Did We Learn Anything from the Netflix Prize?


Netflix finally awarded the grand prize (the linked forum page links to the technical descriptions of the top systems).

What Did We Learn?

Off the shelf regression works pretty darn well. Improving on it takes a huge amount of both general and domain-specific effort.

The most surprising aspect of the competition to me was how close the final race was. I’m sure that was in part due to the openness of the competition, such as the winners of the intermediate progress prizes having to publicly disclose their approach(es). As we tell our customers, it’s not necessarily the “secret sauce” or “magic pixie dust”, so much as a whole lot of elbow grease.

This result actually undercuts the surprisingly common naive argument for machine learning as opposed to heuristic approaches: with machine learning, you don’t have to have experts analyze and tune the data. You just feed the data into the hopper and get a system out the other end. Those of us who’ve been around the block a few times know this isn’t true given the results of other competitions, such as the various BioCreative bakeoffs and the i2b2 Obesity Challenge.

The Result

It took teams of experts thousands of hours to reduce the average error from .95 stars (on a 1-5 star scale) to .85 stars. That’s only 1/10th of a star. I don’t even think that’d be noticeable on the Netflix interface. In absolute terms, that’s a reduction from 23.75% error (.95/4) to 21.25% (.85/4) error.

What’s more is that the computational resources required to achieve this reduction in error were vast. Hundreds of relatively complex classifiers of various kinds were combined into an ensemble used for the final predictions.

The contest was over a relatively small static data collection (100M ratings, which fit in under 1GB memory), whereas Netflix is faced with a vast amount of dynamic data (new users, new films, new ratings).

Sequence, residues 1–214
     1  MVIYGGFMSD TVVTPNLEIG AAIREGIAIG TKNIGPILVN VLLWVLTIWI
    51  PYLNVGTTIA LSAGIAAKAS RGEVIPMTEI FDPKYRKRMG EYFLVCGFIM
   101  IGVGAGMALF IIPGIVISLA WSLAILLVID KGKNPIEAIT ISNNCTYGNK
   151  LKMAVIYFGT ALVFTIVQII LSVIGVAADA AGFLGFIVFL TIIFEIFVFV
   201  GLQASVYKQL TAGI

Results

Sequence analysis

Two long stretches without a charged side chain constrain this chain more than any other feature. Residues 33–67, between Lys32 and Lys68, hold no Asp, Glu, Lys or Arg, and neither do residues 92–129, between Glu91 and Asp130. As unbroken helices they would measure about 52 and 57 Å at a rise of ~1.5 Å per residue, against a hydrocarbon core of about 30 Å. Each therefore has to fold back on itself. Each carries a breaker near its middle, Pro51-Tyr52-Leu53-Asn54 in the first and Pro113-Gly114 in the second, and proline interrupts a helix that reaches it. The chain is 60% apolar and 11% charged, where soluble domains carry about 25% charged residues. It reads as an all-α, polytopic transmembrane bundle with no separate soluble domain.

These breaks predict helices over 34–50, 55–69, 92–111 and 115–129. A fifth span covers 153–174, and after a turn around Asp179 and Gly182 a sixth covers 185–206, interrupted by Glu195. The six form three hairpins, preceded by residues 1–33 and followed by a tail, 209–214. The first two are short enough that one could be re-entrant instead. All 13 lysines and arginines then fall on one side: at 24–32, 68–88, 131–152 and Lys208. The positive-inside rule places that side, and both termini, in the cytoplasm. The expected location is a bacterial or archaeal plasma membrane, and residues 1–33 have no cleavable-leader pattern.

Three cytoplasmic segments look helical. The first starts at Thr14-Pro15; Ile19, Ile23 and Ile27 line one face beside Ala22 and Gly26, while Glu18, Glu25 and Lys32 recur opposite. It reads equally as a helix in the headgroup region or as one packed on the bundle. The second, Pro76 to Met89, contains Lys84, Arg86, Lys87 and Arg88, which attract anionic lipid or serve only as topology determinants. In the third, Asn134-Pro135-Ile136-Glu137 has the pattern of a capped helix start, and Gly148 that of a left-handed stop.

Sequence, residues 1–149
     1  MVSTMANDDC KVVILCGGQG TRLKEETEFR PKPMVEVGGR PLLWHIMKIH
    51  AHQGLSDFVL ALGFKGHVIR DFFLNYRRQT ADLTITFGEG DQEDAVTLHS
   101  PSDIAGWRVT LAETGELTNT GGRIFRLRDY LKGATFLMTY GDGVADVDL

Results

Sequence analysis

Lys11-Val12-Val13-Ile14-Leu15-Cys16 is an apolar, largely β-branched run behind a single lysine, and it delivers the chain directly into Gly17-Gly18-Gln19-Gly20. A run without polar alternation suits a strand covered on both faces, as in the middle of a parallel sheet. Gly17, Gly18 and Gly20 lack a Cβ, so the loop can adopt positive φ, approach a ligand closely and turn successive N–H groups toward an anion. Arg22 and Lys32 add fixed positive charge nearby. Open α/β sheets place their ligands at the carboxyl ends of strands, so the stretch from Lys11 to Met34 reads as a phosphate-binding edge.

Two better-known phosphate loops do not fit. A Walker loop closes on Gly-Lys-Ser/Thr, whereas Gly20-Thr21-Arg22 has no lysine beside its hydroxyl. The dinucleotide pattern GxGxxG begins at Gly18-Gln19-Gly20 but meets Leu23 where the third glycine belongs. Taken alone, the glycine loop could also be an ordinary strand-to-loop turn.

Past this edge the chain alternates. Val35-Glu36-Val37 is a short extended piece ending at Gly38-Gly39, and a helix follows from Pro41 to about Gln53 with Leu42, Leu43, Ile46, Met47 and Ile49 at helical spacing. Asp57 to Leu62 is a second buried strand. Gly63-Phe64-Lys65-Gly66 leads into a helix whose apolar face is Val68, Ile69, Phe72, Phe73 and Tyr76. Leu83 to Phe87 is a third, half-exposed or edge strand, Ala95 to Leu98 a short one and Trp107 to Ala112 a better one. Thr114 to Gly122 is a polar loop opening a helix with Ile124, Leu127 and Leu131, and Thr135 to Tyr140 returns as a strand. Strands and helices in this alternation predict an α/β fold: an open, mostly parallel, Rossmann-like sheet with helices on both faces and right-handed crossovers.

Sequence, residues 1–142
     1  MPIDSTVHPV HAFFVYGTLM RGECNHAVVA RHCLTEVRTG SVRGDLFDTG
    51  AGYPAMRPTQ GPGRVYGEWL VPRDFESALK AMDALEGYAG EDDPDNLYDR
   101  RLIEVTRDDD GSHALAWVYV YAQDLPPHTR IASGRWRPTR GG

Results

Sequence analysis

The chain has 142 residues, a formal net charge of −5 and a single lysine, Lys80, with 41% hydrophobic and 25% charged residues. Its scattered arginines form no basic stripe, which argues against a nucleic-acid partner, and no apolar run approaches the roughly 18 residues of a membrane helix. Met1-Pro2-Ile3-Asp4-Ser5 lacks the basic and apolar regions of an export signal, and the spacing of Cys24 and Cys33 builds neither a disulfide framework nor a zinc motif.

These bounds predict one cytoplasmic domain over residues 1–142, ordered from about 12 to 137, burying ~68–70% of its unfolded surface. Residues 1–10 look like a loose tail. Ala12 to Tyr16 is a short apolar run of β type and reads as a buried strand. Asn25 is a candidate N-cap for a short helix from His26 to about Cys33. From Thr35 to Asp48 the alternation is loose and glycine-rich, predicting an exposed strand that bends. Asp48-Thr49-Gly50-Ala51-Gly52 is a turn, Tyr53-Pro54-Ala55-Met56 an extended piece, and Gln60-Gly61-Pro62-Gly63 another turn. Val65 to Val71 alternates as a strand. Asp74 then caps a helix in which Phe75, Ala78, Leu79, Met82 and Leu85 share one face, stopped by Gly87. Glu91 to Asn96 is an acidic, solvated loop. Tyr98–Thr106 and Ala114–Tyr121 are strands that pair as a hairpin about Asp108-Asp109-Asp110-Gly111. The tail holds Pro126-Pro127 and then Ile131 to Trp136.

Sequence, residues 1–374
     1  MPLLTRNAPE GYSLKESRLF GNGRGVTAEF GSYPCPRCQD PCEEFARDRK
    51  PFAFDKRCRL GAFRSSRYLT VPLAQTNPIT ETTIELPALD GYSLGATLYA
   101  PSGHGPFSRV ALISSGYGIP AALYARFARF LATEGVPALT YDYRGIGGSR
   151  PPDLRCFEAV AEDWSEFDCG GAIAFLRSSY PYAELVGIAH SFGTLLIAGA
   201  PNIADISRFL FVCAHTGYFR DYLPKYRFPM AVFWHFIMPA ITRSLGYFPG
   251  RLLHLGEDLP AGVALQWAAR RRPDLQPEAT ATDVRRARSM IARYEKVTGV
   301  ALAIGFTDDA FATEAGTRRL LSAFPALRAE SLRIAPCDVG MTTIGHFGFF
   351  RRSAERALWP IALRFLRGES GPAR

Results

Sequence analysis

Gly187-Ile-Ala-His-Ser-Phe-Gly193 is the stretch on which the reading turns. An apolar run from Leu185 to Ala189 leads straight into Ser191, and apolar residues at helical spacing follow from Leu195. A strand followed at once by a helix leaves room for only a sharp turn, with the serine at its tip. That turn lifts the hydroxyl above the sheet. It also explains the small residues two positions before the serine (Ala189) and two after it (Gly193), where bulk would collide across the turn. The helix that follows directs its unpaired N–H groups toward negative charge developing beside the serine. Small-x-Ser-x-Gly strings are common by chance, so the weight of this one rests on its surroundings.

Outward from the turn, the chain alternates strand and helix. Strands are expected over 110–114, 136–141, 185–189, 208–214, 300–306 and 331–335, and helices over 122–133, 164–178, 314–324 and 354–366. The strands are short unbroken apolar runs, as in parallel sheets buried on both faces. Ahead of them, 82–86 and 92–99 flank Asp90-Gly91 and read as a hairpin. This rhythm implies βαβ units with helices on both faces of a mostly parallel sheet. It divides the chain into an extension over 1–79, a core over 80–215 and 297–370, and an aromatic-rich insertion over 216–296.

The majority of the improvement came right away, with a simple partial singular value decomposition (SVD) implemented with a stochastic gradient alternating least squares fitter. When I say simple, I mean that the algorithm can be implemented efficiently in a matter of hours. I ported this approach for LingPipe’s SVD.

Finer-grained improvements came only after detailed study and analysis of the data, and involved things like modeling kinks in ratings due to unknown sources at particular dates and other non-linear effects such as user-specific rating scales.

More or Less Data?

While we could run experiments to see how well we could’ve done with only 1M or 10M ratings, what would’ve happend with 1G or 10G ratings? I can’t help being reminded of the Banko and Brill paper on large data sets, the moral of which was that more data trumps fancy learning techniques. I’d think we’d find a particularly profound effect on the k-nearest-neighbor approaches.

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